Science & Technology



Helpware: CorelDRAW for Home and Student: An inexpensive version of its big brother

Even if you're an experienced amateur, don't be put off by the "Home and Student" version of CorelDRAW Graphics Suite. Its power is subtle, but there's no mistaking that if you want to create text projects, retouch photos or other images and create drawings, this version of CorelDRAW is an inexpensive gateway to the outer limits of your ...Read more

Jennifer Van Grove: The smartphone trap (or why it's time to put your phone down)

Are we raising digital monsters? Absolutely. And everyone from parents to Facebook and society as a whole is to blame.

So instead of playing the blame game, I think the most constructive way forward is to take every opportunity we -- not just parents -- have to put the phone down. In the bedroom. While driving. During meals and conversations. ...Read more

Tech Q&A: Browser slows due to mysterious memory use

Q: For the last couple of weeks, my Windows 10 PC has typed very slowly in Microsoft Word, Gmail, Google Docs and Google Sheets. There is sometimes a lag of 30 to 40 seconds before what I'm typing "catches up" and appears on the screen. I mostly use Google's Chrome browser.

I've attached the Windows Task Manager list of "processes" running on ...Read more

Facebook needed third-party apps to grow. Now it's left with a privacy crisis

Facebook had only 20 million users when it opened up its budding platform to outside app developers in 2007, giving them much-needed access to the social network's growing web of friends and family.

The developers built online games, quizzes and dating apps that gave people even more reasons to join Facebook.

It proved a turning point for the ...Read more

Oceans on ancient Mars may have got an assist from volcanoes

The oceans that once covered Mars may have formed somewhere around 3.7 billion years ago, even earlier than previously thought, according to scientists at the University of California, Berkeley.

The findings, published in the journal Nature, highlight a potential link between the birth of Martian oceans and the rise and fall of its volcanic ...Read more

How listening to random sound can unlock a trapped mind

LOS ANGELES – David Tobin took to the stage at a recent technology conference in downtown Los Angeles, asked the 500 attendees to close their eyes, and turned up the sound so they could sample his wares: a textured, layered soundscape that he calls an "audiojack."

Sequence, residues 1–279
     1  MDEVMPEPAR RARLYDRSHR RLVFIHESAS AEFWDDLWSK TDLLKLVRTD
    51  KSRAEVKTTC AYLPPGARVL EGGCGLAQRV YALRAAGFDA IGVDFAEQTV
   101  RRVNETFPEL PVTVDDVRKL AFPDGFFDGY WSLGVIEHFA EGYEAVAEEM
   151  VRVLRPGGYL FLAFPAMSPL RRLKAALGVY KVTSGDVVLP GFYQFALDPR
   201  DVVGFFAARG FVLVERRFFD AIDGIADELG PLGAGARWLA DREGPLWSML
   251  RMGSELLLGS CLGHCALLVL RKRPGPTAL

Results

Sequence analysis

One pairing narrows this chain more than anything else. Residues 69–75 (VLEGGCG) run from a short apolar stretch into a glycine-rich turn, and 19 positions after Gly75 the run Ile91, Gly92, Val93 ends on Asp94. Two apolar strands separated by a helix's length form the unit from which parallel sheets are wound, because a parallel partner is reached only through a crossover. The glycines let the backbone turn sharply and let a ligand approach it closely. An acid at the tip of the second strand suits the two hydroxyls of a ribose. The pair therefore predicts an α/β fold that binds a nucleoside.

A thousand eyes clamped shut as they collectively heard a ball thudding into a ...Read more

Scientists fly across the country to see how germs spread on airplanes

If you're the type of traveler who worries about catching the flu or another dreaded disease from a fellow airline passenger, a new study should put your mind at ease.

If a plane takes off with one infected flier, it is likely to land on the other side of the country with only 1.7 infected fliers, researchers found.

What you really need to ...Read more

National Academies examines safety and quality of abortion care in US

Legal abortions in the United States are so safe and effective that the vast majority of them can be performed in office-based settings, according to a new consensus report from the National Academies of Sciences, Engineering and Medicine. But not all women have timely access to them, due largely to restrictive state policies.

The roughly 200-...Read more

UCSD professor devises way to recycle lithium-ion batteries

SAN DIEGO -- The promise of a global electric vehicle transformation has a looming problem.

The cathodes in the lithium-ion batteries typically used in electric vehicles, or EVs, are made of metal oxides that contain cobalt, a metal found in finite supplies and concentrated in one of the globe's more precarious countries.

But an assistant ...Read more

GPS guidance can be fooled, so researchers are scrambling to find backup technologies

Five years ago, a team of researchers from the University of Texas at Austin boarded an $80-million yacht with the intent of trying to fool the vessel's navigation system and stealthily push it off course.

Once the yacht was off the coast of Italy, the team -- with the knowledge and permission of the vessel's owner, a wealthy individual who ...Read more